When we first moved in I noticed that this neighborhood had an ice cream truck that came by in the evenings and I couldn't wait to share this wonderful experience from my childhood with Ellie. As a kid I would always get the sherbert cup with a gumball at the bottom and I loved to eat the gum while it was still frozen and hear it crack apart in my mouth. That's probably the reason Jeremy says my teeth have cracks in them now. It was worth it though!
When Jeremy was deployed to Kuwait and I moved back in with my parents, Ellie was just a few months old. My dad and I would spend many lazy summer afternoons on their wrap around porch lined with white rocking chairs and sip on Arnold Palmers. We would often wait for the ice cream truck to come by so my Father could get something. He would say, "I want you to look at this guy, really look at him. He's on something, I just know it. I betcha he's selling more than ice cream out of this truck." But that never stopped him from getting a sweet. He's never met an ice cream he didn't like. While I on the other hand was bound and determined to get rid of the whale's ass I had developed during pregnancy. So I would just watch him eat his patriot pop and wave it in my face saying, "Are you surrrrrrre you don't want some?" To which I would reply, "Look at me! I have cellulite on my eyelids, NO I DON'T want any!" And he would dance away with a Cheshire cat grin and blue syrup running down his hand.
The ice cream truck is so intrinsically tied to everything that is good about summer and even now that I'm an adult and don't usually get anything, I love to hear it's music as it goes by and watch the children run to it like it is some kind of vehicular pied piper.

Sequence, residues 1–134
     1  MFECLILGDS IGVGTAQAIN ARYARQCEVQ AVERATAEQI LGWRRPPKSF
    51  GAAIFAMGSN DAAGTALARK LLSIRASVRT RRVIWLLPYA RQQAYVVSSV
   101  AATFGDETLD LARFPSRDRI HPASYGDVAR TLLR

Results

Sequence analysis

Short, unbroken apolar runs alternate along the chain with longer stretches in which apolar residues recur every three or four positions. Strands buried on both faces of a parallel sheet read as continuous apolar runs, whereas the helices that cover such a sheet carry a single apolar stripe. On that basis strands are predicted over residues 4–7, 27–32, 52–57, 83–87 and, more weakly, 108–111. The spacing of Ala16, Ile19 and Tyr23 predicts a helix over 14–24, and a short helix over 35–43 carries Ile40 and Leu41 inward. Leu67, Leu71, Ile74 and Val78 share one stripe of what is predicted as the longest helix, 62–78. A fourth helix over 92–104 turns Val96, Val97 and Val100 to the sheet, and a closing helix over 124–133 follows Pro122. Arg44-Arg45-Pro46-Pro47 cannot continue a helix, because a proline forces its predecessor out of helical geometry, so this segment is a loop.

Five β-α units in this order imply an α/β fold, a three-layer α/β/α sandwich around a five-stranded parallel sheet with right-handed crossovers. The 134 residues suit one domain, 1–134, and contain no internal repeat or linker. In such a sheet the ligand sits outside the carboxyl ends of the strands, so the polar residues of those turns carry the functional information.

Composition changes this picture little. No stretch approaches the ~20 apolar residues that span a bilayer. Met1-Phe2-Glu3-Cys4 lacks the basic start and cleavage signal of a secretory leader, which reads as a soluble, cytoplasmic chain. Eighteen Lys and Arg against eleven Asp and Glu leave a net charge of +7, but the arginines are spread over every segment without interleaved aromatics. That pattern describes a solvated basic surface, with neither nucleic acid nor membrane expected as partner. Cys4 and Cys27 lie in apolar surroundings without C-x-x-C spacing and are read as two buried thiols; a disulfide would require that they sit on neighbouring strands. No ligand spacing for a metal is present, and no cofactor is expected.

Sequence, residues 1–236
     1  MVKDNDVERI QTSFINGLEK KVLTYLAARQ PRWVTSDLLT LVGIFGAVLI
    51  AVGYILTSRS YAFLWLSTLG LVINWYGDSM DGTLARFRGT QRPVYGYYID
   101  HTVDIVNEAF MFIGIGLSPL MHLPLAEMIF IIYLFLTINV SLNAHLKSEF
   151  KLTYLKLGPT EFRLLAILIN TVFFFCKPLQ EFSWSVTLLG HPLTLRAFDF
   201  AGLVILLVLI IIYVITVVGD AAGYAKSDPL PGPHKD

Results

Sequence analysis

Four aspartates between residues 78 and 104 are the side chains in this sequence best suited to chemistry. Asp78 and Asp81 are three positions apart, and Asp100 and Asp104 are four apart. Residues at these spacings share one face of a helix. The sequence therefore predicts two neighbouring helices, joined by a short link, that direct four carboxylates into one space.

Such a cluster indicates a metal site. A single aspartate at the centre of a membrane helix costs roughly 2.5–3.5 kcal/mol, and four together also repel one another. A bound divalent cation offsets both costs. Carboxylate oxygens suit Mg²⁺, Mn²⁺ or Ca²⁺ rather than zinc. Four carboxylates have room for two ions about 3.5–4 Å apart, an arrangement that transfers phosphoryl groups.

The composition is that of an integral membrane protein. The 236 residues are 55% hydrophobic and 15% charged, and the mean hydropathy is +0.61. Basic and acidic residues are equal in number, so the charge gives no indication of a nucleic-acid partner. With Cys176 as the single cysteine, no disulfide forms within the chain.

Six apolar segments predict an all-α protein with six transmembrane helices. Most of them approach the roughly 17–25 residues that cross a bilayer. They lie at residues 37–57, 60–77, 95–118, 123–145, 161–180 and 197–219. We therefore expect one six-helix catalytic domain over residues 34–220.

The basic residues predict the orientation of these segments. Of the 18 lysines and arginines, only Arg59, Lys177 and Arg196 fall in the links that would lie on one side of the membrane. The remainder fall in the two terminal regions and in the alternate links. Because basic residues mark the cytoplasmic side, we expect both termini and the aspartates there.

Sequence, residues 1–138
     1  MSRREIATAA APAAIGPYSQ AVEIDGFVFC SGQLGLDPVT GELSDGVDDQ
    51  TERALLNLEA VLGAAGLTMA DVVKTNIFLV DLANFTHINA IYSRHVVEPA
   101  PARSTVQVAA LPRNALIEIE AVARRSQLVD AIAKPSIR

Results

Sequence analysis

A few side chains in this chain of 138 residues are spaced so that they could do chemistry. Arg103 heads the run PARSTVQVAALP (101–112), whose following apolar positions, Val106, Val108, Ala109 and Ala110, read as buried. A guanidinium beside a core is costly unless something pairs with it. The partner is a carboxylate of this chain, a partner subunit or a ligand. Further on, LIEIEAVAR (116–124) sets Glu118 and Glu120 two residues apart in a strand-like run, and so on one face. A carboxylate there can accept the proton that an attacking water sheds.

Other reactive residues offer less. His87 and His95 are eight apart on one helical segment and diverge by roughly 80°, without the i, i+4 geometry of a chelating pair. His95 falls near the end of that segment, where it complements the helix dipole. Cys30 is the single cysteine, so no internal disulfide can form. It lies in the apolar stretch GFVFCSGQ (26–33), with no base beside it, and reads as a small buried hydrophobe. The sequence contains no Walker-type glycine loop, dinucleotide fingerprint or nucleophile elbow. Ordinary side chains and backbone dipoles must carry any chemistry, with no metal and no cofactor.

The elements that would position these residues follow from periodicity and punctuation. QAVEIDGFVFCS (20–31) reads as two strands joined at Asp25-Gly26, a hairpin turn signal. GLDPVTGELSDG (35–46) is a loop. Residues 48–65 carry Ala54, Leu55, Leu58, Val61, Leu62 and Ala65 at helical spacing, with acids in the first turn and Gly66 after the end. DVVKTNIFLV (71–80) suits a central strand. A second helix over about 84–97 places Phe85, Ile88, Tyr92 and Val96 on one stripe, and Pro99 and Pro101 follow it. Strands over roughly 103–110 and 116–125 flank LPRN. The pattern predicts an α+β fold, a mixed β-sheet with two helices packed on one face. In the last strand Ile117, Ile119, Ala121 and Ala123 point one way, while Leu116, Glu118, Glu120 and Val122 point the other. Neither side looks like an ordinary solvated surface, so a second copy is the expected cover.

A couple of days ago I mentioned to Ellie that after dinner the ice cream man would come and we would get some ice cream. Something about those three words must have unlocked her infant memories of my Dad giving her licks of his Popsicle while I stood by having a nervous breakdown about the sugar "destroying her pure system". She acted as though it was the most tragic thing a person could have said and threw herself on the floor and sobbed for the "ice keem maaaaayyyyyyy-uuuuunnnnn!"
None of my attempts to console her worked. I offered candy, ponies, hell I even offered to let her get a tattoo when she turns five, but she continued to cry. And this wasn't your run of the mill temper tantrum cry with alligator tears. This was "I am Juliette and I have just awoken to discover Romeo dead beside me" crying.
There was nothing we could do but try to get through dinner and wait for him. And whatever we did we had to avoid saying anything that even rhymed with ice cream. So we waited. And we waited. And he never came. I wanted to go find him and scream, "There is a child dying of a broken heart in here because she's in love with the ice cream truck and you go around every day with your pretty chimes and promises of a sugar induced buzz and then you DON'T come! What kind of monster are you?" But he just never came and it was lucky for him too. I put Ellie to bed and wiped her little red eyes and told her that maybe he would come tomorrow.
SO the next day I was in the middle of folding laundry upstairs when I hear the chimes off in the distance. It's two o'clock for the love 'O laundry, what the heck is this guy playing at? (Aside: I have ALWAYS wanted to grab someone, glare at them and say, "Just what are you playin at?") I yelled at Ellie who was in the basement watching a movie, that the ice cream man was here and then I ran up three flights of stairs two at a time, flung my purse open and frantically searched for my wallet. I found it, ran down four flights of stairs into the basement, grabbed my kid, jumped over two dogs and ran to the front door. Because, by God, we weren't going to miss this. Even if it meant I was going to give myself a heart attack.
When she saw the truck with all it's sugary delights plastered on the side and heard the music, the grin on her face was well worth the tears of the night before. We ordered a patriot pop in honor of all the summers of my childhood, and my dad, and America Goddamn it! And my beautiful child when handed the popsicle yelled, "FANK YEWWWWWW!" And then waved bye.
I relished every moment of her enjoying that huge, sugary thing and I didn't once think about the sugar or the mess or anything other than how precious this moment was.